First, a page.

The Makings of a Great Leader

Good leaders know the benefits of setting a S.M.A.R.T. set of project goals. S.M.A.R.T. goals are those that are Specific, Measurable, Attainable, Relevant and Timely. However, the greatest leaders realize that setting these goals is only the beginning. To ensure that the team continues to move toward and doesn’t drift off course, great leaders review the progress of the team on a regular basis.

Team Work – bringing in a new team leader.

You have to bring in someone new to lead the project team.Now, you need to explain what is happening to the team. You don’t want to paint the old leader in a negative light – you know there are loyalties. But you do want them to accept the change and the new leader. What can you do?Here are some tips.

Team Work; Forming, Storming, Norming, Performing and Adjourning. Part 5 – Managing the Adjourning Stage

The group will now have delivered the task. The members can move on to new things carrying forward learning from this experience into their new work. But for that to be done successfully there is a change to be managed.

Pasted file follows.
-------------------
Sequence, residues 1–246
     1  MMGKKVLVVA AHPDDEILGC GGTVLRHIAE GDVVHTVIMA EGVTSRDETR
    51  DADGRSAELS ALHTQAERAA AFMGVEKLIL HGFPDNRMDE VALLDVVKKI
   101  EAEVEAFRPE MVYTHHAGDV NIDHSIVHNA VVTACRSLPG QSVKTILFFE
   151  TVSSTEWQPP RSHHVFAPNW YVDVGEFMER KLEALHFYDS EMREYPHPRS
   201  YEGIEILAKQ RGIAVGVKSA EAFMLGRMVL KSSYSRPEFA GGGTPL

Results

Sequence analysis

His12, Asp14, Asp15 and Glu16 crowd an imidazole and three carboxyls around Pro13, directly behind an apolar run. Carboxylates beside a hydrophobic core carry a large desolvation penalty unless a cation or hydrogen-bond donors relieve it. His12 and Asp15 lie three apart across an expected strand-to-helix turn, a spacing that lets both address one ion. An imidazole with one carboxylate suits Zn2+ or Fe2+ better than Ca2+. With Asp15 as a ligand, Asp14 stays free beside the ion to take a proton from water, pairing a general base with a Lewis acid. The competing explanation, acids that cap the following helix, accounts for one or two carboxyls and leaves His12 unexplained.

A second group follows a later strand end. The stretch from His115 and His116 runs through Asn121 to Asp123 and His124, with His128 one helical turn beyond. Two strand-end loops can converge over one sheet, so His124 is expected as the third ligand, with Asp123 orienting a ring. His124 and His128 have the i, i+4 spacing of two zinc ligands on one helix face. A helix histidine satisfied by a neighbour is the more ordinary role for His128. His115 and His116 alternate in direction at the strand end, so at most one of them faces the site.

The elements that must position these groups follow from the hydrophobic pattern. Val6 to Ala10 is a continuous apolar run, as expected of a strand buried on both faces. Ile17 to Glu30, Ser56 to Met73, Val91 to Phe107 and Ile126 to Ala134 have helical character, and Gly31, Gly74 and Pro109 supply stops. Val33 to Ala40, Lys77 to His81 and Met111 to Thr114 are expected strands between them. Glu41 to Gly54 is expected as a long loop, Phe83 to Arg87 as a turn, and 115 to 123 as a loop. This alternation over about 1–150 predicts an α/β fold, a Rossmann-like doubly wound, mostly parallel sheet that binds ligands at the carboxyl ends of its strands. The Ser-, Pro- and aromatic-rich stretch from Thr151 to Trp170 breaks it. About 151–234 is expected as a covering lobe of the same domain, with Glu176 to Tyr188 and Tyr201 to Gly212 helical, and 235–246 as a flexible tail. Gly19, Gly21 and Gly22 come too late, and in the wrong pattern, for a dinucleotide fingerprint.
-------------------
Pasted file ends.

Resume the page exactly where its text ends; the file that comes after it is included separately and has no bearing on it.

Leading the Confident Team

If you are not confident in yourself , as leader, then the team is likely to sense your doubts and their confidence in their own roles within the team will be eroded. Each team member needs to believe in themselves and in their abilities so that all can contribute fully. Self-confidence can be described as a positive mix of self-efficacy (respect for your own competence) and self-esteem (valuing yourself). The good news is that confidence is largely learned and with support it can be acquired by anyone.